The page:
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Ehrlichia species are small, obligate intracellular bacteria, similar to rickettsia, that infect peripheral blood leukocytes. Organisms are transmitted to humans through tick bites, most commonly Amblyomma americanum (Lone Star tick) or Ixodes, which is also associated with Lyme disease. In the United States, three Ehrlichia species are known to cause symptomatic human infection; Ehrlichia chaffeensis, E. ewingii and Ehrlichia muris-Like Agent (EML). Ehrlichia chaffeensis is the most common cause of human ehrlichiosis and causes human monocytic ehrlichiosis (HME). E. ewingii is also transmitted to humans by the Lone Star tick. Dogs, cats and deer have also been infected with E. ewingii.  Ehrlichia muris-Like Agent (EML) is transmitted to humans by the blacklegged tick, Ixodes scapularis. So far, cases have only been identified in patients who were exposed to ticks in Minnesota and Wisconsin.

Ehrlichia multiply in cytoplasmic vacuoles, forming tightly packed clusters of bacteria called morulae. Symptoms typically appear a median of 9 days (range 5–14 days) after the bite of an infected tick. Common signs and symptoms include fever, headache, malaise, and myalgia. Nausea, vomiting and diarrhea may also occur, especially in children. Approximately one-third of patients develop a skin rash approximately 5 days after illness onset that varies from petechial to maculopapular or diffuse erythema. The rash typically involves the extremities and trunk but can affect the palms, soles, or face. Cough or respiratory symptoms develop in one third of. Meningitis or meningoencephalitis is present in approximately 20% of patients. Other severe manifestations include ARDS, toxic shock-like or septic shock-like syndromes, renal failure, hepatic failure, coagulopathies, and occasionally, hemorrhage. Mortality rate is approximately 3%.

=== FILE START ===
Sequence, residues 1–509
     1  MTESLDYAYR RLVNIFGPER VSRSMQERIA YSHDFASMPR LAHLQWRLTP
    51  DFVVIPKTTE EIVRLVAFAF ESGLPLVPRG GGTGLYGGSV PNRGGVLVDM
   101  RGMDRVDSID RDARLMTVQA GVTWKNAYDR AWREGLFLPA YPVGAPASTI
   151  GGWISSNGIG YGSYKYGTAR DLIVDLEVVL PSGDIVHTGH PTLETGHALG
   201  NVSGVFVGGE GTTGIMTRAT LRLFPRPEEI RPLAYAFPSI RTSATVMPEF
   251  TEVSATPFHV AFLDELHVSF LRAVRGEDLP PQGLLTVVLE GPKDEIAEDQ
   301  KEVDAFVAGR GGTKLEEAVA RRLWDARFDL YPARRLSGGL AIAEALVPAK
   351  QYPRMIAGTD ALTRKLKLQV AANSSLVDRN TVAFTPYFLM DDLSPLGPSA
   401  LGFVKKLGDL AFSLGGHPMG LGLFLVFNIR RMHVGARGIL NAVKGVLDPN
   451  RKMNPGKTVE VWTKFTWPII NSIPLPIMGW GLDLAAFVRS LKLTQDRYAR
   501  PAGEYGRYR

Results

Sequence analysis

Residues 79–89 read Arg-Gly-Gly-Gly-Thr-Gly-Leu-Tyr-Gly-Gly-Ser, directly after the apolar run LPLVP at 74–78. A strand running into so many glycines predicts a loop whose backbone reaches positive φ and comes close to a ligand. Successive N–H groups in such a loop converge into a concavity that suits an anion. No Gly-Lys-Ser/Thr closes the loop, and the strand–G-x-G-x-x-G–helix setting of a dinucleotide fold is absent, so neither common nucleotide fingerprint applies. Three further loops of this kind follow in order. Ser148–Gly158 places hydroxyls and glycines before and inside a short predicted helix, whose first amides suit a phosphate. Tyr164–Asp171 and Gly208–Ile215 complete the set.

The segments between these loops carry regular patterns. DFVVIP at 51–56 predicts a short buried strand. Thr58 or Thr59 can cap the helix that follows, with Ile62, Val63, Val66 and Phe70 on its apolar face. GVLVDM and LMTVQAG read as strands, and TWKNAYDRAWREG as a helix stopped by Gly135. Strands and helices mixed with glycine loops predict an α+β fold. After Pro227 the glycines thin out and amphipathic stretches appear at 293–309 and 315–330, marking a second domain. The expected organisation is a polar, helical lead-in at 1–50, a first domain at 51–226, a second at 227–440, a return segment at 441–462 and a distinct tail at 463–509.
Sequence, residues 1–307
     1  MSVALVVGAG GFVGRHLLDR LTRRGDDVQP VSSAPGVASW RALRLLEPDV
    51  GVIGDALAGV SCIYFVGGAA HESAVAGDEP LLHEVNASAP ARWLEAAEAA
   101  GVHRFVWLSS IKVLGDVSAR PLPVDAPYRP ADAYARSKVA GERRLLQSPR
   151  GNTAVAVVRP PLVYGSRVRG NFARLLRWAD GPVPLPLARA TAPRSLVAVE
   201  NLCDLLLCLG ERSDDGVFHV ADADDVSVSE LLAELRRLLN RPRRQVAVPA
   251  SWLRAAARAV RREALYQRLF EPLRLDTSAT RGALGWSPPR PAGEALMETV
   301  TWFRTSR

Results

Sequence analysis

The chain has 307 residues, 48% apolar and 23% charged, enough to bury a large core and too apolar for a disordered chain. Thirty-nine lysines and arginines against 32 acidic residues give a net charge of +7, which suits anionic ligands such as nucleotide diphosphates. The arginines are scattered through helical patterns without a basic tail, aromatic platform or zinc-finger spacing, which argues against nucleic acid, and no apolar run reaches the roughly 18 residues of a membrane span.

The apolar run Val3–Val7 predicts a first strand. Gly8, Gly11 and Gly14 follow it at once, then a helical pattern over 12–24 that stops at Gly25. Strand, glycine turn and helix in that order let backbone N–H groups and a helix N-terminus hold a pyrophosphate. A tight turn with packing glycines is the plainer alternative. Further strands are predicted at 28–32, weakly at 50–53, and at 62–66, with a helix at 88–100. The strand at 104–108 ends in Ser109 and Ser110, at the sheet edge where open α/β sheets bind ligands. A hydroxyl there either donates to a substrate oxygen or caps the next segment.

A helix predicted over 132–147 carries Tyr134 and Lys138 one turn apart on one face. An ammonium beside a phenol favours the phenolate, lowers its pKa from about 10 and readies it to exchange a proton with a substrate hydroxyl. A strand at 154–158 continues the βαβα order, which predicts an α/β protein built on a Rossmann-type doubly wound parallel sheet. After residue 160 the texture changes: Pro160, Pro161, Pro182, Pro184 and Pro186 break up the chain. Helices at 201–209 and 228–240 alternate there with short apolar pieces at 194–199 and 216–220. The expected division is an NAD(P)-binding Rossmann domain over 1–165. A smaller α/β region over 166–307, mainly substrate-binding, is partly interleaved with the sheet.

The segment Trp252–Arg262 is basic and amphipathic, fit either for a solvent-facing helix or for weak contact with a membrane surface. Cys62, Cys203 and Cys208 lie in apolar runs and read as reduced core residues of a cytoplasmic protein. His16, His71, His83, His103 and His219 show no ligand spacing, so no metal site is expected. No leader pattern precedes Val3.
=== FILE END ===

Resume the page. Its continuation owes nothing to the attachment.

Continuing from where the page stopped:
Laboratory findings include leukopenia, thrombocytopenia, and mildly elevated hepatic transaminases. Anemia occurs later in approximately 50% of cases. In approximately 20% of patients, morulae can be observed in monocytes in peripheral blood. During the recovery phase, absolute lymphocytosis is seen in most patients. Mild-to-moderate hyponatremia might also be present.

When CSF is evaluated, a lymphocytic pleocytosis is most commonly observed, although neutrophilic pleocytosis also can occur. CSF protein is often elevated and glucose is normal.

Recommended testing for HME includes IgG antibody for Ehrlichia chaffeensis. An immunofluorescence assay titer of 1:64 or higher suggests current or previous infection. In general, the higher the titer, the more likely the patient has an active infection. Four-fold rises in titer with serial testing also indicate active infection. Diagnostic titers usually appear by the third week after symptom onset. Falsely negative results can occur if a specimen is collected too early in the course of illness. Ehrlichia ewingii antibodies cross-react with serologic assays for Ehrlichia chaffeensis. Specimen requirement for antibody testing is a red top tube of blood.

PCR techniques allow direct detection of pathogen-specific DNA from patients' whole blood during the acute phase of disease.Positive results indicate presence of specific DNA from Ehrlichia chaffeensis, Ehrlichia ewingii, or Ehrlichia muris-like organism and support the diagnosis of ehrlichiosis. Negative PCR results indicate the absence of ehrlichiosis agent at detectable levels in the sample tested and do not exclude the diagnosis. Specimen requirement is one lavender top tube of blood.

Ticks should not be submitted for identification or testing. Likewise, the examination of peripheral blood smears for ehrlichia morulae is very low yield (≤20%) and is unreliable as a diagnostic test.

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